Whenever there is a discussion around startups, you would find all the jargons around it like:

1. Great Idea.
2. Great Team.
3. Bootstrapping / Venture Funding.
4. Time to market.
5. Potential customers.
6. Marketing and ……………

As I have mentioned in the previous article, IMHO execution would always be the key; whether you are a startup guy or work for a startup.Also,when we think about Startups, the first comparison that always comes to our mind is The Silicon Valley, but many times, we tend to forget that Indian Entrepreneurial Ecosystem is different from that in the US.May be it would still be many years when a college dropout like Mark Zuckerberg or a whiz-kid like Anshul Samar of Elementio would be accepted in our ecosystem.

In this article, I would like to focus on the Cobweb of Myths[termed Myth-Web] around Indian Startups , which when dusted off, may lead to a better ecosystem.

Note:
The views in this article are my personal views and it would be nice, if someone corrects me wherever required neutral.

1. Ecosystem = IIT(s) / IIM(s)
There is no point in mentioning how much impression premier institutions like Indian Institute Of Technology[IIT] or Indian Institute of Management[IIM] bring in our minds. For sure, they bring the best of the minds together under one roof, but Startups are not only restrained to them.In fact, an attempt should be made to take the IIT culture to the normal colleges(like mine) so, that there is an entrepreneurial ecosystem developed there as well.We need to get rid of the pre-made impression that “Entrepreneurs can only come from IIT’s”. IMHO, if we limit ourselves to only premier institutions, we won’t be able to find our future Mark(s) or Anshul(s) sad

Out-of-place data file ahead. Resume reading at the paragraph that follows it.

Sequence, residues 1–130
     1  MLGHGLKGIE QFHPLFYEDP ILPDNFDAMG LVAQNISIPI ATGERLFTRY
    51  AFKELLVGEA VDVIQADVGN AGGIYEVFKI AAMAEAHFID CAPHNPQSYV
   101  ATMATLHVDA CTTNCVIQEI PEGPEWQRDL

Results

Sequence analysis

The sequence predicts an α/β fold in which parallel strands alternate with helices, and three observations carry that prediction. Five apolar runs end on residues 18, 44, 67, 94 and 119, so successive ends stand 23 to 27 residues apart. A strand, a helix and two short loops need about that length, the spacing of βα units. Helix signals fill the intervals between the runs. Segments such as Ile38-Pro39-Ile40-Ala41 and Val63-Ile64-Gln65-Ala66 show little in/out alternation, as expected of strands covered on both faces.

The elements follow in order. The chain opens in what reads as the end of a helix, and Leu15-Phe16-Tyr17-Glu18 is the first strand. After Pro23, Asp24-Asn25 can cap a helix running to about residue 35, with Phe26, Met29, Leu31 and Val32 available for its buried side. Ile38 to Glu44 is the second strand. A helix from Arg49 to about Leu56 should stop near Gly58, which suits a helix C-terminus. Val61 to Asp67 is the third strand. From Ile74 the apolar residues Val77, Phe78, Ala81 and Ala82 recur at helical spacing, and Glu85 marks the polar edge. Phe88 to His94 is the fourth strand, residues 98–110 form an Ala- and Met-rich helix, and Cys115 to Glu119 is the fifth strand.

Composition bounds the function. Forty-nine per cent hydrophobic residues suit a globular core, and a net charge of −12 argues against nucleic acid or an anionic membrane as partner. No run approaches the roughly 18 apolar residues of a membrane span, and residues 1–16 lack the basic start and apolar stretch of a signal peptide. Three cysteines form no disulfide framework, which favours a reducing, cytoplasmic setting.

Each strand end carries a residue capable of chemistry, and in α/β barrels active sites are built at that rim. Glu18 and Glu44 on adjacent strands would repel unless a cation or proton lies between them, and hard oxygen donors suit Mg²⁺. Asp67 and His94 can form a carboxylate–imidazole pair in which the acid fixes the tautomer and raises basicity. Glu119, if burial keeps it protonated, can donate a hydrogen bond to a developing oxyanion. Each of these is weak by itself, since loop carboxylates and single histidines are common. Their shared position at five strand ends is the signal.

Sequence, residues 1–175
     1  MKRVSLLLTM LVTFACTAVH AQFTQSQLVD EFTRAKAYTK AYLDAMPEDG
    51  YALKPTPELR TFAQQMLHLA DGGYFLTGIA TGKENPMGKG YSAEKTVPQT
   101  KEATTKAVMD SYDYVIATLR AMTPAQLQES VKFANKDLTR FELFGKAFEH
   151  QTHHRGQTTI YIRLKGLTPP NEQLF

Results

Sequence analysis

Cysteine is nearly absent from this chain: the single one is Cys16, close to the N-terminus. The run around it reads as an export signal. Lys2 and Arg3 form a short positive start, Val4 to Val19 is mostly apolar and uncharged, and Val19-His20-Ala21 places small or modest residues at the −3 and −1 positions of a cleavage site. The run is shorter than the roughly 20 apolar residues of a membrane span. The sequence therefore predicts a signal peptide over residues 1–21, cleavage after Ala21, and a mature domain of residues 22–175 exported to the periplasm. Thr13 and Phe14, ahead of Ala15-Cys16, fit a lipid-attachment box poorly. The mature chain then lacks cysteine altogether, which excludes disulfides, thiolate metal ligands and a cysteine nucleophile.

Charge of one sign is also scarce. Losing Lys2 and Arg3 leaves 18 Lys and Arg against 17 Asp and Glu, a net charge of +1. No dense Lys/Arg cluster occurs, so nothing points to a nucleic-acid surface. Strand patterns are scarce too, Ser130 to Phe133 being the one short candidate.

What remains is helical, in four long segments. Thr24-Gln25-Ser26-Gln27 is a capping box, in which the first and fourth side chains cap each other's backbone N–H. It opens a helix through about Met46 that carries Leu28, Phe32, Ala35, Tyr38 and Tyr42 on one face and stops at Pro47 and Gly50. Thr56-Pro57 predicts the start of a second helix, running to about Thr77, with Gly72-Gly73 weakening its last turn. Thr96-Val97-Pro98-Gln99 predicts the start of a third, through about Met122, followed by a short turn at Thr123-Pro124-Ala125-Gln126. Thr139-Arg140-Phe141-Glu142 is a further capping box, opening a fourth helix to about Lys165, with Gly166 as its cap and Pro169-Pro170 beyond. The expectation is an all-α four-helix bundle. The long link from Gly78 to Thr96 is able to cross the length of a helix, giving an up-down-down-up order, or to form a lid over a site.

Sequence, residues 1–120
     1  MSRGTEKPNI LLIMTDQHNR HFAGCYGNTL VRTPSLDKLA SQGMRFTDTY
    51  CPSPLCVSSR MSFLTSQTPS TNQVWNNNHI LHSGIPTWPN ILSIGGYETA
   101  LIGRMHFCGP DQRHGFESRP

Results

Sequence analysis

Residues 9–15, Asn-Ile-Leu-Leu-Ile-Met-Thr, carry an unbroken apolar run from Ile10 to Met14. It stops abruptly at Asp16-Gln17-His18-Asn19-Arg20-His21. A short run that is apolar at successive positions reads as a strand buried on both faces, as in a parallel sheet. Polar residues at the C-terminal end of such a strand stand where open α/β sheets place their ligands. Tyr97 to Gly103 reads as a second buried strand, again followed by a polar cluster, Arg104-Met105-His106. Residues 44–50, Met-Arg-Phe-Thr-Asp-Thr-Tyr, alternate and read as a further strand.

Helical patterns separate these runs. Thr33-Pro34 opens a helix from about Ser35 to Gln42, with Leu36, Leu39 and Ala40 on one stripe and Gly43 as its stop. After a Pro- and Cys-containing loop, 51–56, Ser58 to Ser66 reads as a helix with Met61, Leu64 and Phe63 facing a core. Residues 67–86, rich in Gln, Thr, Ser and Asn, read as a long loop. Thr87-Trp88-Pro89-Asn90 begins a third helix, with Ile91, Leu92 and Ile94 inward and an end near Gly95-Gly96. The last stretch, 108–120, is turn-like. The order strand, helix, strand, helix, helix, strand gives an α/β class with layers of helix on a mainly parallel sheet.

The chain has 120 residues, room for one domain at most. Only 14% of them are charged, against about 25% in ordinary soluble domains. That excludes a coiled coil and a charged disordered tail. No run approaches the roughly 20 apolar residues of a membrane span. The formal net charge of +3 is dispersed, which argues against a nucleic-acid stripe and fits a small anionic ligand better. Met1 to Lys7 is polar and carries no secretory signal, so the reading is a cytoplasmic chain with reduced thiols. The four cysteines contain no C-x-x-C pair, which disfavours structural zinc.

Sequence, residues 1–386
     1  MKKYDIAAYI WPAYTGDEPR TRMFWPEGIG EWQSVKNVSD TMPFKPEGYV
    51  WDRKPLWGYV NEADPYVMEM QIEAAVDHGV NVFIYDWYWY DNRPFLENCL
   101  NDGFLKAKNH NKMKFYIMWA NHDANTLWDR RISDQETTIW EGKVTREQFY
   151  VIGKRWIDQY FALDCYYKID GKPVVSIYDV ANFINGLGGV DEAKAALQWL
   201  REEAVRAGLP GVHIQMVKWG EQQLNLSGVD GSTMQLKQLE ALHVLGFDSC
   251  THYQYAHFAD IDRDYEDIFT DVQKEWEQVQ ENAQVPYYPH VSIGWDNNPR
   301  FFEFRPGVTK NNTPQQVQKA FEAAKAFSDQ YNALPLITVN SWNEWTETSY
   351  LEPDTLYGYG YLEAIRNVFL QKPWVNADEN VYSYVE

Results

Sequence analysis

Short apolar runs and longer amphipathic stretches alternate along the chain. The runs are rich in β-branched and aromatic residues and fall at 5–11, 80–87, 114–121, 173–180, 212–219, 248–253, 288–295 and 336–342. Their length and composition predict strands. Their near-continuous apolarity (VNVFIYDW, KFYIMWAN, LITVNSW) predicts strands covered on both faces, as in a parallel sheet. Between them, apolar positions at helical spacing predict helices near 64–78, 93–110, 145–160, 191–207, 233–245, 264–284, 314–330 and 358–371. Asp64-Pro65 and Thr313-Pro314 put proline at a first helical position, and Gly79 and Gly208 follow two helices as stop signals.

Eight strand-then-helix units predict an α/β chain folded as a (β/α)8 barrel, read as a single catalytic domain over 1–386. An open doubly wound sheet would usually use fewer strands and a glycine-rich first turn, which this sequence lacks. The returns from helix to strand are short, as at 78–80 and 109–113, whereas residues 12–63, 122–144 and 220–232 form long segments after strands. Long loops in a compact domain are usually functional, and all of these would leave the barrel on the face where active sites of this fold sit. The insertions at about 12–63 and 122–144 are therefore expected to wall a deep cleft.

2. Venture Funding = Success
Funding always holds a major aspect for any startup but many times, people feel that – More the funding, more successful is the Startup.Dharmesh Shah of HubSpot has a very nice article on the same when His Startup raised $12 million in series B funding.
Money is always important in any business and each one of us understand the same but that alone does not materialize into success.This is an impression that is prevelant everywhere and hence, Hubspot[though not an Indian startup] was taken as an example.

3. Media = Success
With media not only restrained to mass media, so called Media Coverage has become somewhat simpler. Media may be coverage on blogs, websites … But there is always a downside to the coverage in the media.Many startups(may not mention the name here) try to be in the news(in Magazines and other media) and this coverage is many times wrongly treated as Success .And it becomes difficult to digest this success.
With Web 2.0, media(except print media) has completely changed so, “Being in the media at the right time may lead to wonders else things may crumble” sad

4. Startups can be built in isolation
Why Bangalore is so famous in India is because it has a Brand Image attached to it and the Entrepreneurial Ecosystem is by far the best in India.But it is not the same elsewhere.Many of us forget that the Ecosystem is a crucial factor in any startup and to bring a change , we need to be a part of that ecosystem.
I have spoken to few entrepreneurs from other cities(apart from Mumbai / Chennai / other metros) and the importance of Ecosystem is not yet penetrated there….Startups need all the support they can and hence, they can be built in isolation for some period [after which they have to join the change to make the change].